Alumni welcome opportunity to partner with Mungano

Diversity and inclusion students

When Mungano, Baker’s student-run organization for diversity and inclusion, initiated a pair of programs this fall—My Brother’s Keeper and My Sister’s Keeper—they called on alumni to share their experiences and expertise in a series of panel discussions. The in-depth discussions among students and alumni focused on becoming young adults and approaching adult life in ways that champion diversity and inclusion.

“Thus far, we’ve had three or four individual talks or panels that have dealt with minority men’s health, profiling, mental health, and relationships. The talks cover diversity and inclusion in today’s society, and we have alums come in and talk about their experiences. There’s a real mentoring component that happens, and I think it gives alums an idea of what they can do here after their time as a student at Baker University,” said Shelby Perez, director of diversity, equity, and inclusion and wellness programs at Baker.

Mungano was founded more than 50 years ago by Baker’s first Black professor, Dr. Jesse Milan, a longtime Civil Rights activist. The word Mungano is derived from the Swahili phrase, “Mungano Wa Wanafunzi Weuzi,” which means brothers and sisters united. The organization holds annual events, but like nearly everything else this past year, these events were altered because of the COVID-19 pandemic and the resulting social distancing restrictions. The roughly 30 members of Mungano have held their regular meetings over Zoom, and that’s the format the My Brother’s Keeper and My Sister’s Keeper panels have taken.

“It would be great if we could have some events in person,” Perez said, “but we know now that we can do it another way. [COVID has] kind of opened up possibilities in that way.”

Typically, My Brother’s Keeper talks involve men, while My Sister’s Keeper involves women, but not always. That wouldn’t be consistent with the spirit of Mungano’s mission of inclusion.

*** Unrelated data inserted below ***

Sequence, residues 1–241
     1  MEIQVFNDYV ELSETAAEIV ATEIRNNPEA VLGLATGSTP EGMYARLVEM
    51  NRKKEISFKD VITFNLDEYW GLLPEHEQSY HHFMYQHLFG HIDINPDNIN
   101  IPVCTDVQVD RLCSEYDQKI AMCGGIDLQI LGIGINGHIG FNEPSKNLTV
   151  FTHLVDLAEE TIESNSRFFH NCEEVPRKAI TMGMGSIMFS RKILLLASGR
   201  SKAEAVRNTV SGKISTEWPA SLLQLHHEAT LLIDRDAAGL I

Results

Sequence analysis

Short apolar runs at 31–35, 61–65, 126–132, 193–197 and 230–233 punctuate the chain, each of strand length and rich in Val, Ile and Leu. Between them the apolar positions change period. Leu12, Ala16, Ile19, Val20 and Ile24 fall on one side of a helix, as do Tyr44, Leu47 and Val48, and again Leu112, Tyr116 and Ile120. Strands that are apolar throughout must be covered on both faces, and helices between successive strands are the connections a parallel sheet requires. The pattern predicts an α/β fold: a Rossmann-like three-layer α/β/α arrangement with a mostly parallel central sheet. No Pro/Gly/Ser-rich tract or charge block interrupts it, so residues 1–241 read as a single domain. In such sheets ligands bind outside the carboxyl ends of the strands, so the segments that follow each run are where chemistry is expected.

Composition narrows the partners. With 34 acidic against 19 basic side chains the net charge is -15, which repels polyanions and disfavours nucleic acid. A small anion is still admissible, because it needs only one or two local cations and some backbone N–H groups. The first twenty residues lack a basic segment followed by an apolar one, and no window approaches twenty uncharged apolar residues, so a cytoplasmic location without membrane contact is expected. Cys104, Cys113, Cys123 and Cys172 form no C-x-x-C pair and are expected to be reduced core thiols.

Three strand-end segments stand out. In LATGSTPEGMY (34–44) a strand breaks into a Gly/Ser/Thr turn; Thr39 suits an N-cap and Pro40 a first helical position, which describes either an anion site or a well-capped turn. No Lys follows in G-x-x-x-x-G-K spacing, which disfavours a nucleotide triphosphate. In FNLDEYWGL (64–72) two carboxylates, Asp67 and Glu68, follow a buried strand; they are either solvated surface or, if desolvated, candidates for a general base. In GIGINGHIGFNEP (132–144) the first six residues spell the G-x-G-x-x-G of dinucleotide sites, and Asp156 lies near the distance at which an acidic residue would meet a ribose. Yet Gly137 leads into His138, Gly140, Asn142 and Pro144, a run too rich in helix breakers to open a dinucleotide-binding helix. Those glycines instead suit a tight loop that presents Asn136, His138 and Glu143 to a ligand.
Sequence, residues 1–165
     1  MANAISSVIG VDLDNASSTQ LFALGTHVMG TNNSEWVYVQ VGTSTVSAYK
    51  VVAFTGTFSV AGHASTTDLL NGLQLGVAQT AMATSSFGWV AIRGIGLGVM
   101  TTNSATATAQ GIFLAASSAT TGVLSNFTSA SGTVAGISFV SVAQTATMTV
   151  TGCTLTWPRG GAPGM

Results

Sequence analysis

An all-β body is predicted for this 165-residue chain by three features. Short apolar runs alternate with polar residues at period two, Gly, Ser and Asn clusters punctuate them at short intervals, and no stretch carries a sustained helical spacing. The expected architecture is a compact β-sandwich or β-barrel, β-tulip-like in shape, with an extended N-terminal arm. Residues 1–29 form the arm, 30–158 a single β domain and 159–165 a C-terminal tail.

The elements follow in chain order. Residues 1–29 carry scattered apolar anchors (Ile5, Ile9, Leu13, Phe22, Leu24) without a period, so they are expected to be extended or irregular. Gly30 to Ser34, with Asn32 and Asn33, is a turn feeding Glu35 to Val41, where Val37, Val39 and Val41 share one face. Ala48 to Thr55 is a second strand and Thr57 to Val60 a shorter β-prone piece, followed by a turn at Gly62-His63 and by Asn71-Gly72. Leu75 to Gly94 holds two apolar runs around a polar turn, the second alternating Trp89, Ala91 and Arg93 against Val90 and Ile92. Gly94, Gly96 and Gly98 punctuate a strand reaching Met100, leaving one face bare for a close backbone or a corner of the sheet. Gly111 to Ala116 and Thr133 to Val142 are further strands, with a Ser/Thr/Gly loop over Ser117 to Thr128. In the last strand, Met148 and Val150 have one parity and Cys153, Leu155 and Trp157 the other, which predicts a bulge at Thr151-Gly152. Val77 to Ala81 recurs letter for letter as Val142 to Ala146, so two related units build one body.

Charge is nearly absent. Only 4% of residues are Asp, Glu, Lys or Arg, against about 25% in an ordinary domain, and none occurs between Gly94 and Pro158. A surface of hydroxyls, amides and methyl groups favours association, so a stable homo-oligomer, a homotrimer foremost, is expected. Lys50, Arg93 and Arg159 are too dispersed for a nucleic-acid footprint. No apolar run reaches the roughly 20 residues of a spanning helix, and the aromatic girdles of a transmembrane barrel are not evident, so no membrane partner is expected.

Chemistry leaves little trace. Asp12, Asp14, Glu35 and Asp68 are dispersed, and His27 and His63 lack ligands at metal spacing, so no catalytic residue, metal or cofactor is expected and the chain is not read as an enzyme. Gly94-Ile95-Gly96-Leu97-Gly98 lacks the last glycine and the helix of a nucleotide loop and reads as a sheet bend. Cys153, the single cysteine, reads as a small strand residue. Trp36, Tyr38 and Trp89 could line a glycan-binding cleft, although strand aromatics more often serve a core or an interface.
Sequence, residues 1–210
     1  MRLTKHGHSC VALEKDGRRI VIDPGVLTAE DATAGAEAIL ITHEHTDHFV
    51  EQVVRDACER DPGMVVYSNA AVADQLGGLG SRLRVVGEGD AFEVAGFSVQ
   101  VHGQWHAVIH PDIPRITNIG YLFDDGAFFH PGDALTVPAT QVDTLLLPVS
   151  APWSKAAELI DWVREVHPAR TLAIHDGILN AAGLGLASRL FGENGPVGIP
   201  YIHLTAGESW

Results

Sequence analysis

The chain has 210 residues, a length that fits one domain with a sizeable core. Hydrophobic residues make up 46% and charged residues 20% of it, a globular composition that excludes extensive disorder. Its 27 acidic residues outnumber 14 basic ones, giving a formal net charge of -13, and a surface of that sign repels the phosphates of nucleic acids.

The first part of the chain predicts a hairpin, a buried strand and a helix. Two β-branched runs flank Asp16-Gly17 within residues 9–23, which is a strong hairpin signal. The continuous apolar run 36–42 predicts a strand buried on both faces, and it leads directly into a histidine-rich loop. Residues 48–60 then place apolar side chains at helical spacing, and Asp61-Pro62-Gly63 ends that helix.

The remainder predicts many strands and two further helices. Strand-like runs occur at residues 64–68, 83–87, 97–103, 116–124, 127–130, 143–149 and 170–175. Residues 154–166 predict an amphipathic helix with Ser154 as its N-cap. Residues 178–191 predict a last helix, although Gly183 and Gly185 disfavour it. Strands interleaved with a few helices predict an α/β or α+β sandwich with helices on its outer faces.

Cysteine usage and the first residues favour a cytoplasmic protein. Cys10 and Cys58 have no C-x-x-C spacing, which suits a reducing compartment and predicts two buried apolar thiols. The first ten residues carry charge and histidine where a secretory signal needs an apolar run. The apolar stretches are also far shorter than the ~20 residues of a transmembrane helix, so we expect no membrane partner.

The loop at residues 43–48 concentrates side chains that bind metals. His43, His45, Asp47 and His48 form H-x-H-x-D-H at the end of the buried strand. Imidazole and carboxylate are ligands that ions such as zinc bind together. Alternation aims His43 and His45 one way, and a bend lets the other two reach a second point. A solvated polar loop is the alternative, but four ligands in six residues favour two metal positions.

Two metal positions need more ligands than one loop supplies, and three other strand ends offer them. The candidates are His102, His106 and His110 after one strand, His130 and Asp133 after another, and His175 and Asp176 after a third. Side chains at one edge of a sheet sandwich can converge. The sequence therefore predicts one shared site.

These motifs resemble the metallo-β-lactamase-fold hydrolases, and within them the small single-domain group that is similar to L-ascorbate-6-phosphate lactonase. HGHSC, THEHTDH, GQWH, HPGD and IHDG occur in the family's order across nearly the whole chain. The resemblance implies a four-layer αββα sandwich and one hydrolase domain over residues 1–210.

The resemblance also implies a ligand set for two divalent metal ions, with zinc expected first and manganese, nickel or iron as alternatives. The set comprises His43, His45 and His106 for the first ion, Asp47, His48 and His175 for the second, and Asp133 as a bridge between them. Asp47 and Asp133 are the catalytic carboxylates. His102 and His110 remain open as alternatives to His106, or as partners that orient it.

“We had one of the more recent My Sister’s Keeper sessions with three men panelists. We wanted to show the women a different perspective. The men shared personal stories, and we’ll do the same with women panelists for My Brother’s Keeper. I know our students have been thrilled to connect with alumni and hear the experiences they’ve had,” Perez said.

And it turns out, the Zoom panels have been a great experience for alumni as well.

“I’ve taken part in a few My Brother’s Keeper and one My Sister’s Keeper events, helping out any way I can. I was young once upon a time. It’s important to be a resource for some of these kids that isn’t their parents,” said Tavis Banks, ’12 BSM, leadership coach and training manager in Fullerton, California.

Participating in the My Sister’s Keeper panel was especially interesting for Banks. The topic dealt with relationships, and as the father of two college-age men, Banks felt he had wisdom to impart when the students asked, “Why can’t I get a man to commit?” or “What do they mean when they say this?”

Topics for My Brother’s Keeper have included everything from what’s going on in the world today to airing complaints about campus food.

“Most of the guys are athletes,” Banks said. “They wanted to know how you maintain a healthy diet during COVID when the cafeteria is closed.”